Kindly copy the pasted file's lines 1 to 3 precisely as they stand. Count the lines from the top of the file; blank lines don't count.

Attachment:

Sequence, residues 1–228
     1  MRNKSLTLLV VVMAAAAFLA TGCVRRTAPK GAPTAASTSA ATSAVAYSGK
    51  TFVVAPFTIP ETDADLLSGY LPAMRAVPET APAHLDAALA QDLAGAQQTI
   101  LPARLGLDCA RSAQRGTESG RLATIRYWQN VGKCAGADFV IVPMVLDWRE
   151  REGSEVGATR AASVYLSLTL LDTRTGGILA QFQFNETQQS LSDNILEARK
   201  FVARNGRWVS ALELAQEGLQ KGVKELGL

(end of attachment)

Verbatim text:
Sequence, residues 1–228
     1  MRNKSLTLLV VVMAAAAFLA TGCVRRTAPK GAPTAASTSA ATSAVAYSGK
    51  TFVVAPFTIP ETDADLLSGY LPAMRAVPET APAHLDAALA QDLAGAQQTI